The global recession is enough to put a strain on many family finances. But genetic science is suggesting that some moms feel the strain more, and are more likely to practice harsh parenting.
The study, published in the journal Proceedings of the National Academy of Sciences, reveals that difficult economic conditions may lead to mothers engaging in harsh parenting, such as shouting or hitting children. But it is more apparent in mothers who carry a particular gene variation.
Researchers at New York University, Columbia University, Princeton University and Pennsylvania State University’s College of Medicine, analyzed data from the Fragile Families and Child Wellbeing Study (FFS). This a population-based cohort study across 20 large US cities of around 5,000 children born in the years 1998-2000.
Following birth, the mothers of the children were interviewed when their child was at 1, 3, 5 and 9 years of age. The researchers collected data on harsh parenting when the children were at 3, 5 and 9 years of age, and at age 9, saliva DNA samples were collected from 2,600 children and their mothers.
The harsh parenting data was gathered using the Conflict Tactics Scale. Five areas measured psychological harsh parenting, such as shouting and threatening, while five areas measured corporal punishment, such as slapping and spanking.
The researchers compared this data with measurements of economic conditions in the 20 large US states where the mothers lived. This data included details on monthly unemployment rates.
Results from the analysis revealed that harsh parenting in the mothers who were studied was significantly linked to increases in a city’s unemployment rate and declined consumer confidence in the economy.
The study authors say that from this, they believe it was the “anticipation of adversity,” or the fear of being unemployed due to poor economic conditions, that led to harsh parenting, rather than poor economic conditions in general.
Dohoon Lee, assistant professor of sociology at New York University, says:
“It’s commonly thought that economic hardship within families leads to stress, which, in turn, leads to deterioration of parenting quality.
But these findings show that an economic downturn in the larger community can adversely affect parenting – regardless of the conditions individual families face.”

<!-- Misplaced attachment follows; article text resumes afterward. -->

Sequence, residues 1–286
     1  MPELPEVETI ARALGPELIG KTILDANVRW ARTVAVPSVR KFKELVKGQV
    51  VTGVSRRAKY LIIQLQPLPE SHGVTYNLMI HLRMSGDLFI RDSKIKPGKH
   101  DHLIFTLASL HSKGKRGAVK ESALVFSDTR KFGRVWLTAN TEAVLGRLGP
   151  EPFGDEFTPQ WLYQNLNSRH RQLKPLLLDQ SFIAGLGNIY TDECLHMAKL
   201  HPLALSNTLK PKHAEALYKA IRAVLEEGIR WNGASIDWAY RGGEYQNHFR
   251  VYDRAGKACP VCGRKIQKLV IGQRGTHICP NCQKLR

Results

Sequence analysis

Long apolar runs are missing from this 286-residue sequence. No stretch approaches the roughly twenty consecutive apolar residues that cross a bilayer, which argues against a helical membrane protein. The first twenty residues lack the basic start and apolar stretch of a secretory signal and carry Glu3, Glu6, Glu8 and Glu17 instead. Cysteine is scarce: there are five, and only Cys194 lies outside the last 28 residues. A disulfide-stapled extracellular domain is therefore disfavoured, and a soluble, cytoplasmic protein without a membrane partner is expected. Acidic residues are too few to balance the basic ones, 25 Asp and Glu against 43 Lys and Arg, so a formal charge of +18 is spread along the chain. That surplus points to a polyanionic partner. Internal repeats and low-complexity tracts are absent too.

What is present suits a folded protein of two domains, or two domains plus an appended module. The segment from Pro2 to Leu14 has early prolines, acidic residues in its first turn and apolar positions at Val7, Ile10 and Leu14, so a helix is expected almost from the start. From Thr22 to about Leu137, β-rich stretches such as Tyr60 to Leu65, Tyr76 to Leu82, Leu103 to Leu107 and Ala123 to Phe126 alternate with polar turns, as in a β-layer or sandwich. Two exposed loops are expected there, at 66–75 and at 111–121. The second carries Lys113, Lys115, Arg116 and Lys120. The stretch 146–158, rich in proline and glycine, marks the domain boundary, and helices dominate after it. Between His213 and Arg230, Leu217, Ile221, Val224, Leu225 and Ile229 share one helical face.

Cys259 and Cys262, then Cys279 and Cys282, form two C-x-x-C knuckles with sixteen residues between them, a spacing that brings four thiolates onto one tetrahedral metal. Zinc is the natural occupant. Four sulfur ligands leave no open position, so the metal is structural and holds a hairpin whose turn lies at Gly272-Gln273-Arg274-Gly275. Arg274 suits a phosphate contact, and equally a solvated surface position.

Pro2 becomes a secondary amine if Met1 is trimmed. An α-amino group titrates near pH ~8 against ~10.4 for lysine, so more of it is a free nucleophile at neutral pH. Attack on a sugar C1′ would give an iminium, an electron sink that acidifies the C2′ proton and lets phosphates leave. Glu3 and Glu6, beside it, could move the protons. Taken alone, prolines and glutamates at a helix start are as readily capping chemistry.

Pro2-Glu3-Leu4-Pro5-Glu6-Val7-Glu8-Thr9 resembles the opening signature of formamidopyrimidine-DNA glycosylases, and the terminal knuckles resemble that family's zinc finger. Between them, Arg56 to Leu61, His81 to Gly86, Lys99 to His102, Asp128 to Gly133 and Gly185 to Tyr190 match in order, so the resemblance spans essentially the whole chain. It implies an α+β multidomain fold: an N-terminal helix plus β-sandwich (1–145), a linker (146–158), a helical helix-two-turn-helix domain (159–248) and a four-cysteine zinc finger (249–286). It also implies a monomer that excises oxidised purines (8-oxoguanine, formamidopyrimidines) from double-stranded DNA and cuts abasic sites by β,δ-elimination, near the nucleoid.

From this, the researchers analyzed whether the responses were determined by the genetic make-up of the mothers, by looking at the brain’s dopaminergic system – the area that helps regulate emotional and behavioral responses to surrounding environments.
They particularly focused on the DRD2 Taq1A single nucleotide polymorphism (SNP) – small changes in a person’s genetic code in a specific location of the brain. The DRD2 Taq1A genotype controls the synthesis of dopamine, a chemical that regulates behavior in the brain.
The researchers say previous studies have revealed that people who possess one T allele – known as the “sensitive” gene – for this SNP are more likely to show aggression compared to those without the sensitive gene.
The study showed that around 50% of the mothers surveyed possessed the T allele.
The results revealed that mothers who were in possession of the T allele were much more likely to engage in harsh parenting in deteriorating local economic conditions and areas with decline in consumer confidence.
However, the researchers say that mothers without the T allele showed no such changes under worsening economic conditions.
Additionally, when economic conditions were improving, the researchers found that mothers with the T allele were less likely to engage in harsh parenting compared to mothers without the T allele.
The researchers say this finding is significant as it shows that the effect of genes on people’s behavior could depend on the quality of their environment.
Irwin Garfinkel, co-author of the study and professor of contemporary urban problems at the Columbia University School of Social Work, says:
“This finding provides further evidence in favor of the orchid-dandelion hypothesis that humans with sensitive genes, like orchids, wilt or die in poor environments, but flourish in rich environments, whereas dandelions survive in poor and rich environments.”